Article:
Taking aim at GMOs
Believing that genetically engineered foods are untested for health effects on humans, the Ashland Food Co-op has launched a program to get all such products off its shelves this year — and other area markets, including Shop N Kart and Food For Less, say they are steadily increasing offerings of GMO-free food.
Most genetically modified organisms (GMOs) are found in corn, soy, canola, cottonseed products and Hawaiian papaya, which means they're in a huge array of foods — estimates range up to 70 percent in processed food — says Co-op Outreach and Owner Services Manager Annie Hoy, who teaches classes on non-GMO shopping.
"They're made in a lab in ways that nature doesn't operate. It's an imprecise science. It may look, act and taste like corn, but it isn't corn," says Hoy, noting that science recognizes no species barriers, and will combine genes from fish and strawberries in order to extract a trait, such as long shelf life, color or ability to resist pesticides.
What most aggravates shoppers, she says, is that GMO foods are not required to be labeled as such, so it's difficult to screen them out of your diet.
"I try to avoid GMO and I would feel a lot more secure if it were better labeled," says Kelly Cruser of Ashland, who is educated as a zoologist and has worked as an orthodontist. "It's in two-thirds of everything in grocery stores now and there are many important likely health consequences and very few studies to verify GMOs are safe."
The ability to fine tune her shopping skills required study — and Cruser has learned which corn and tomatoes have been genetically modified. She buys blue corn chips (only yellow corn has undergone GMO) and Roma tomatoes, which are not among the engineered species.
On a walking tour of the Ashland Food Co-op, Hoy points out that, while GMO foods evade labeling, foods labeled non-GMO, such as milk from Umpqua Dairy in Roseburg, are required to carry a disclaimer saying the FDA has determined that "no test can distinguish" between the milk of treated and untreated cows.
Many popular ice creams and yogurts, long considered healthful, will not make the cut at the co-op, because they don't meet the standard of being free from bovine growth hormone, which is genetically engineered, says Rainbo O'Connor, chairwoman of the store's Product Safety Committee.
O'Connor had her management team read "Seeds of Deception; Exposing Industry and Government Lies About the Safety of the Genetically Engineered Foods You're Eating," by Jeffery M. Smith — and recently pulled all canola oil out of the store's deli and substituted organic olive, grape seed and sunflower oil.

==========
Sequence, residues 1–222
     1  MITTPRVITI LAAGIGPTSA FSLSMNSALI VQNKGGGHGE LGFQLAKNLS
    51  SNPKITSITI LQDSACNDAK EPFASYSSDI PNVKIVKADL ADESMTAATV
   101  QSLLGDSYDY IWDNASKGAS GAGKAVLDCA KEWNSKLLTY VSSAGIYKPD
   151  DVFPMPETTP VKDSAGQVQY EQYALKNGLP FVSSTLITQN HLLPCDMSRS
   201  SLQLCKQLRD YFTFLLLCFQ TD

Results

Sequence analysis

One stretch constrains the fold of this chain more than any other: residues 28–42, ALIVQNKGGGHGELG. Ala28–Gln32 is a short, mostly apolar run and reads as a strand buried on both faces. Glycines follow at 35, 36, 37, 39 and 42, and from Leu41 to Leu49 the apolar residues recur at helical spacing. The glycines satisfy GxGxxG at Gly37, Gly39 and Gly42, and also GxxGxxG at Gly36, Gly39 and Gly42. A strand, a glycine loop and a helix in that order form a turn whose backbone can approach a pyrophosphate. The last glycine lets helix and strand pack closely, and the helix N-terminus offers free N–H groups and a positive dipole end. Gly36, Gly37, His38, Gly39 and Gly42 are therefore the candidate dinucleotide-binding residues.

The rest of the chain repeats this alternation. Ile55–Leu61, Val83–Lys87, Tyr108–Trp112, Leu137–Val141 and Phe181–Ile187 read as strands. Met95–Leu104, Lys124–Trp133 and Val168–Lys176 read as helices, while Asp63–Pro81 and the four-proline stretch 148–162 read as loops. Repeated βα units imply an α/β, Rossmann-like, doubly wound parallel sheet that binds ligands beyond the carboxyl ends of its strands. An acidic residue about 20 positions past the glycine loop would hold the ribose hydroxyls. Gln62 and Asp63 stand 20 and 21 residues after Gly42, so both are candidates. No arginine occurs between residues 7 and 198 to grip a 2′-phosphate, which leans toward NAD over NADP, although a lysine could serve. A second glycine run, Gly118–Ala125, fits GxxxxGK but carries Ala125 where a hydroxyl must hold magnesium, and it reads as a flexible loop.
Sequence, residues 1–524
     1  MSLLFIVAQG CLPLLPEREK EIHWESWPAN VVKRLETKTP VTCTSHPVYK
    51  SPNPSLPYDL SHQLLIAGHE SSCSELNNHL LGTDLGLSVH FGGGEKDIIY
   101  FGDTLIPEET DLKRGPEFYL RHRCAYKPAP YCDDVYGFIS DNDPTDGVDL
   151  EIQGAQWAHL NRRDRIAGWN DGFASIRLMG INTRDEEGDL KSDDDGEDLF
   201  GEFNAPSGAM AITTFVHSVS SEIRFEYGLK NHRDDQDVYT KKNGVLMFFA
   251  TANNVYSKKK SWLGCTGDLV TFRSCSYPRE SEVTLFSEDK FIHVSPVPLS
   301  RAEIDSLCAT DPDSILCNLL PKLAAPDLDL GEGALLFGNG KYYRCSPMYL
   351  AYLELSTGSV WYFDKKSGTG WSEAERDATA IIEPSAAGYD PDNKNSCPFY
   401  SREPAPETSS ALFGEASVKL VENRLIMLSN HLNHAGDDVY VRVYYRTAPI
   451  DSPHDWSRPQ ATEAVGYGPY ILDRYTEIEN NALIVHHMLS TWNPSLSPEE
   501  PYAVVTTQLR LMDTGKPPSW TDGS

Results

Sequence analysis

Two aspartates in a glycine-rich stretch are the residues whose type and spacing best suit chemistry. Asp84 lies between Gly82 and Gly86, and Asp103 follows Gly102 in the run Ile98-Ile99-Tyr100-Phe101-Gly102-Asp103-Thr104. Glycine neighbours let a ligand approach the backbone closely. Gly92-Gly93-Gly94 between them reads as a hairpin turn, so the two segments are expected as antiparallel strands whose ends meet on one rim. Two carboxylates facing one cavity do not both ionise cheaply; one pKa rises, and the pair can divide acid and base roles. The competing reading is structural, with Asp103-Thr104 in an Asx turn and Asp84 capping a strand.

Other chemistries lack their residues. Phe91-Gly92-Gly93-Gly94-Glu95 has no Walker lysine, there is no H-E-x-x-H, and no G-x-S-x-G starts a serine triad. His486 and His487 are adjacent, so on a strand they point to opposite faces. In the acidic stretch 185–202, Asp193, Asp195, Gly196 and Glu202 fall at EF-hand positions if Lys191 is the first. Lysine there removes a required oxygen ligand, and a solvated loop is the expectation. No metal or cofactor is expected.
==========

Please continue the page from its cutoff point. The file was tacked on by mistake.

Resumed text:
Because crops aren't grown in plastic bubbles, but get their pollen blown around by the wind, "it's getting increasingly hard to say something has no GMOs, but a good yardstick is "shop organic," she says, adding that anything that is certified organic, by definition, means it's GMO-free.
Terry Johnson, manager of Food For Less organic food department, Medford, says she's increasing her line of organic and non-GMO foods.
"I wish they'd make them label the GMO," she says.
Johnson says she doesn't like hearing that tomato and salmon-scale genes have been crossed to express stronger tomato skins.
Ashland Shop N Kart manager Eric Chaddock says his "very vocal and informed customers," more and more are demanding organic and non-GMO foods and "just because the FDA says something is safe doesn't mean it's safe."
Leading the charge against genetically modified food is Physicians for Social Responsibility, whose spokesman in Portland, Rick North, says, "GMOs have not been demonstrated safe for human health and the environment "¦ the more people know about genetically engineered food, the more they don't want them — and they vote with their dollars."
State-by-state laws requiring labeling of GMO foods is unlikely to work, so PSR and other groups are focusing on a federal labeling law, says North. A state ballot measure requiring GMO labeling was defeated in 2002.
"It was a popular idea until Monsanto, which makes most of the genetically engineered foods, poured millions of dollars into Oregon to defeat it," North says.
While proven impacts of GMO food remain a question mark, Hoy remains unequivocal in her opposition, saying, "Nothing that's been genetically manipulated has been shown to be good for the consumer, more nutritious or easier to digest. They're not doing it in the interest of the consumer."
"There's no way to recall this genetic material," says Hoy, who worries about the persistence of GMOs in the environment. "I probably have it in me. How does it make me feel? Not very happy. It's getting harder and harder to eat food without more and more worry."
John Darling is a freelance writer living in Ashland. E-mail him at email@example.com.